by Jordan Roberts
Director of Government Affairs, John Locke Foundation
The newly elected members of the North Carolina General Assembly have hit the ground running in the legislative session. As such, a significant piece of health care legislation was introduced earlier this week.
Legislators unveiled the Small Business Health Care Act, which would bring North Carolina’s insurance regulations more in line with the federal Department of Labor guidelines for employee benefit plans. Specifically, the Small Business Health Care Act would make it easier for those who get their health insurance in the small group and individual market an opportunity to purchase health insurance from an association as part of a large group.
I have described association health plans (AHP) in a previous research update:
AHPs are a type of group health plan in which a business or trade association offers health benefits to their member-employers. AHPs allow groups of individuals, small businesses, or self-employed owners to group for the purpose of purchasing health insurance. And they are already allowed to exist under federal law. There are self-insured AHPs and fully-insured AHPs. When an AHP is fully insured, it means that an insurance company handles claims, sets rates, and assumes costs. When an AHP is self-insured, it means the groups’ owners bear operational and fiscal responsibilities.
These plans are not new, but their use declined when the Department of Labor guidance issued during the Obama administration made them hard to access. Through a Trump administration executive order, the guidelines which govern these plans were reinterpreted to make it easier for small businesses and individuals to form an association that would be recognized as a large group.
Why is it important for these small businesses and self-employed owners to have the power to band together to purchase insurance as a large group? As I have written previously:
When the Affordable Care Act, or Obamacare, was implemented, it separated the insurance market into the “large group” market and the “small group and individual” market. The large group and small group markets are regulated differently. Small group plans have to abide by all of the insurance regulations placed on plans sold in the Obamacare exchanges. Large group plans are usually self-insured, which means they don’t have to comply with community rating, health benefit mandates, and other Obamacare regulations that add expenses to the bottom line.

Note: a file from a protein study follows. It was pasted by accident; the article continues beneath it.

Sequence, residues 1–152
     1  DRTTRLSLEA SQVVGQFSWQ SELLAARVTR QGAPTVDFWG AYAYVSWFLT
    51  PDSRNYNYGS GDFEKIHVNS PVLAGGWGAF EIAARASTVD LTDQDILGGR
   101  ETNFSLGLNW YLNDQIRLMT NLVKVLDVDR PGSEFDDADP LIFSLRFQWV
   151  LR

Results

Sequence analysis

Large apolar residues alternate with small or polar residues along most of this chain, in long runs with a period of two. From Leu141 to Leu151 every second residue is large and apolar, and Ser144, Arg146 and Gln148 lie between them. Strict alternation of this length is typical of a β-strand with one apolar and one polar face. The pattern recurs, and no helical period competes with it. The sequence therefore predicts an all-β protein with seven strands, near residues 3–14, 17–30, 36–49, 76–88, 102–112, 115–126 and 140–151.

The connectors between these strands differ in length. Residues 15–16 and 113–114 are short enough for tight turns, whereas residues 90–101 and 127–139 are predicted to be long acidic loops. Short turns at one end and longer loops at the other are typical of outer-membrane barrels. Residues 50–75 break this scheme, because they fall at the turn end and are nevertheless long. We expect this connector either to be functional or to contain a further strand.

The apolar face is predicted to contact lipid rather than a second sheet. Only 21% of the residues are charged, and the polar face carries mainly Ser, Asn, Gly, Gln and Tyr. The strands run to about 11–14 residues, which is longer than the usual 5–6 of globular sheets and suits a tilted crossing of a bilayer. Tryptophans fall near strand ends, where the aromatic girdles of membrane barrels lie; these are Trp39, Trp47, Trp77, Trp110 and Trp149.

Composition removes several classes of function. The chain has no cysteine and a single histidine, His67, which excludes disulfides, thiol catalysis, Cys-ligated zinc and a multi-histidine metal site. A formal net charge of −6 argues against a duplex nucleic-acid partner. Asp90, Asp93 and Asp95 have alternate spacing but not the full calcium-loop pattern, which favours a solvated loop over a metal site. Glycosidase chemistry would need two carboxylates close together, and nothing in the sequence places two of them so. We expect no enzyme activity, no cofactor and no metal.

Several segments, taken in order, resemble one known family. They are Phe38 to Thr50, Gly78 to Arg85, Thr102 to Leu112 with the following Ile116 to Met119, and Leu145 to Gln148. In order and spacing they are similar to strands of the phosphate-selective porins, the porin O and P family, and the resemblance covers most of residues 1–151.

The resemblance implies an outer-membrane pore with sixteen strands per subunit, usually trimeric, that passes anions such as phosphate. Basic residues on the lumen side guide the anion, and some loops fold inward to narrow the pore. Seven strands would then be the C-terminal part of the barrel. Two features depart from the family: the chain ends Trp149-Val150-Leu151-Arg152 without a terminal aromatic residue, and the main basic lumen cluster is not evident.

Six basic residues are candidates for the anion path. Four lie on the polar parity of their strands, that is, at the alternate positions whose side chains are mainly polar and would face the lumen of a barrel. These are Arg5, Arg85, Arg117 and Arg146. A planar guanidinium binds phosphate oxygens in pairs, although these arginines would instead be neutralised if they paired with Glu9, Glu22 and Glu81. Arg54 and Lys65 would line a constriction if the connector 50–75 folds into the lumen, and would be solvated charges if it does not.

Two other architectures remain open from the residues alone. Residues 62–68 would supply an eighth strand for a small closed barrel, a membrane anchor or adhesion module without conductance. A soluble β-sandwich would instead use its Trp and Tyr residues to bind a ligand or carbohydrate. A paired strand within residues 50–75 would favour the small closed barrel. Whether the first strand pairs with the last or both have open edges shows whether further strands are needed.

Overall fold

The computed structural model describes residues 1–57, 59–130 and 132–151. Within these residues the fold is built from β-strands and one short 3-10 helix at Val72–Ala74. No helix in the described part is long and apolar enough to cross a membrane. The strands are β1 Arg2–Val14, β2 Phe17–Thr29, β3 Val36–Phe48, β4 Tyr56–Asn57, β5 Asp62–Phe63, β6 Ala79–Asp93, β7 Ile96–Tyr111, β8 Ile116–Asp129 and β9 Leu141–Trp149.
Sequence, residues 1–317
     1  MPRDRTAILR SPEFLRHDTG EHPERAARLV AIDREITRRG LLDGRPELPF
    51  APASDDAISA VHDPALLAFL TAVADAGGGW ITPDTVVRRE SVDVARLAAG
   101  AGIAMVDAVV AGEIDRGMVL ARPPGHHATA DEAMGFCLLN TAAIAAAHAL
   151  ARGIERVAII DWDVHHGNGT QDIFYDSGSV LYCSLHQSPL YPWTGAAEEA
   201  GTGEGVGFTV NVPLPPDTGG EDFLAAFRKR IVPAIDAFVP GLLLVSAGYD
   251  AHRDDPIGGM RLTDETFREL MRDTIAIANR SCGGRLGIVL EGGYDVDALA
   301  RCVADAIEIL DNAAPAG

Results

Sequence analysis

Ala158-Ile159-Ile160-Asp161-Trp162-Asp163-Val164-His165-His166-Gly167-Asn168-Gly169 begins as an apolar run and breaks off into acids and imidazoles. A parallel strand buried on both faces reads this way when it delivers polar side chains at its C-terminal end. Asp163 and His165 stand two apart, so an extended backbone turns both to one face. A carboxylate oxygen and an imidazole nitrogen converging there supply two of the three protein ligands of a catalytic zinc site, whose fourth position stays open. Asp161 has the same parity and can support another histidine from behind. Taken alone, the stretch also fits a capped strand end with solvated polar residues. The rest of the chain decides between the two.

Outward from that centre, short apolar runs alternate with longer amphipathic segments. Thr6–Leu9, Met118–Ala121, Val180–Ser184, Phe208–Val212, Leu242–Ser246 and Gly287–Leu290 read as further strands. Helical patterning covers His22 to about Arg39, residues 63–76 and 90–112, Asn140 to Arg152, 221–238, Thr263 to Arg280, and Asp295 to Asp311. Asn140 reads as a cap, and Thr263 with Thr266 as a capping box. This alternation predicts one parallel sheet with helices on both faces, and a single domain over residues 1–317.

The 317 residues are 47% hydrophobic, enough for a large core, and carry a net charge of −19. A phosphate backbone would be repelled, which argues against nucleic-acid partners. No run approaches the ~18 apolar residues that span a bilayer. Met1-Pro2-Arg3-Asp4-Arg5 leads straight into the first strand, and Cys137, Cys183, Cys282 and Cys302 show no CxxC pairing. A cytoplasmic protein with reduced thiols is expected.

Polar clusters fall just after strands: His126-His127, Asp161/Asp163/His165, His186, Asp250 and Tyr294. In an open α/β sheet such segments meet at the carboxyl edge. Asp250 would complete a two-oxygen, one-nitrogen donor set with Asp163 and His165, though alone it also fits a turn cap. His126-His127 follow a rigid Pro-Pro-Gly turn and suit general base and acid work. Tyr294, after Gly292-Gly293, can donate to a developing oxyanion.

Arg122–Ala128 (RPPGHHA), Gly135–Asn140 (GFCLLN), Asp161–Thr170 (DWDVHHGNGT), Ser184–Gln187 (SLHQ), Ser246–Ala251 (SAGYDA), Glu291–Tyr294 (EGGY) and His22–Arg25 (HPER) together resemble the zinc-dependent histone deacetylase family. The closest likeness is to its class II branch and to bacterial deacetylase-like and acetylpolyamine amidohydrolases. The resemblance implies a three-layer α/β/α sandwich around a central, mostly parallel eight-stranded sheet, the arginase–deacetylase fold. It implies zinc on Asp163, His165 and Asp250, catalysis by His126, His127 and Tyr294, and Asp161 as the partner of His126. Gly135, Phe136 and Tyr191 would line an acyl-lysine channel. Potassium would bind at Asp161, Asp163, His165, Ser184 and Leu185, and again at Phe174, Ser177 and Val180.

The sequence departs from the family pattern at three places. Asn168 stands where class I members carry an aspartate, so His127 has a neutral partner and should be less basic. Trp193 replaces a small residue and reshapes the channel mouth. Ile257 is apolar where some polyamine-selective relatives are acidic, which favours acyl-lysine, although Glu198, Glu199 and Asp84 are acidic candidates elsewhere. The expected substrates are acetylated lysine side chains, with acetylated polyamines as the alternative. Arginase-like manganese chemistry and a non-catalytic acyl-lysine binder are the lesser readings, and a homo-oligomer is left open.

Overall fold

These plans are not meant to sabotage the Affordable Care Act markets. In fact, these plans are private and thus require no subsidies from the federal government. They are not intended to be a complete solution to all of the healthcare cost and access problems that Americans face. Instead, these plans offer relief to many small businesses and working owners. Now small business will have more of an incentive to join an association to provide their employee’s insurance – many of which do not have insurance currently. Working owners and sole-proprietors now have more affordable options to purchase insurance compared to the individual market.
Some critics of these plans refer to them as “unregulated,” but that is not the case. There are many consumer protections and guidelines these plans have to follow to meet the requirements of a legal AHP.
Based on the language of the bill proposed by the Senate this week, an association has to comply with many requirements to be compliant under the proposed new insurance code. This includes being a nonprofit association with at least 500 members and have been in existence for at least two years. In addition, these plans are not allowed to use health status to determine premiums and they must comply with solvency requirements. These plans would have to follow the ACA requirements that mandate coverage for preventative services, cover children up to age 26, not impose lifetime and annual limits, and not deny coverage to people with pre-existing conditions. There are also many state requirements including state insurance mandates. Plans must have a board of trustees in control and must carry stop-loss insurance.
Under the Affordable Care Act, the people who were hurt the most were individuals, small businesses, self-employed owners, and virtually anyone who was not a part of a business with more than 51 employees. Large employers were exempt from many of the requirements placed on those who would buy insurance in the small group markets. Allowing AHPs in North Carolina would give those who would otherwise be subject to the onerous regulations in small group and individual markets the power to band together and purchase insurance as a large group. Moreover, large groups that purchase health insurance can reduce administrative costs, offer more flexibility when determining group plan premiums, and provide coverage that more closely reflects the needs of its members.
The Congressional Budget Office projects the federal government will save $450 million over 10 years from allowing people to join AHPs. Another study estimated 110,000 people could benefit from allowing AHPs to operate more freely in North Carolina. Members of the North Carolina General Assembly should work with all stakeholders to find the best way to allow small businesses and working owners to maximize access to these affordable plans.
Note: An earlier version of this research update conflated the findings from CBO budget projections and estimates of the number of North Carolinians who could benefit from AHPs. We apologize for the error.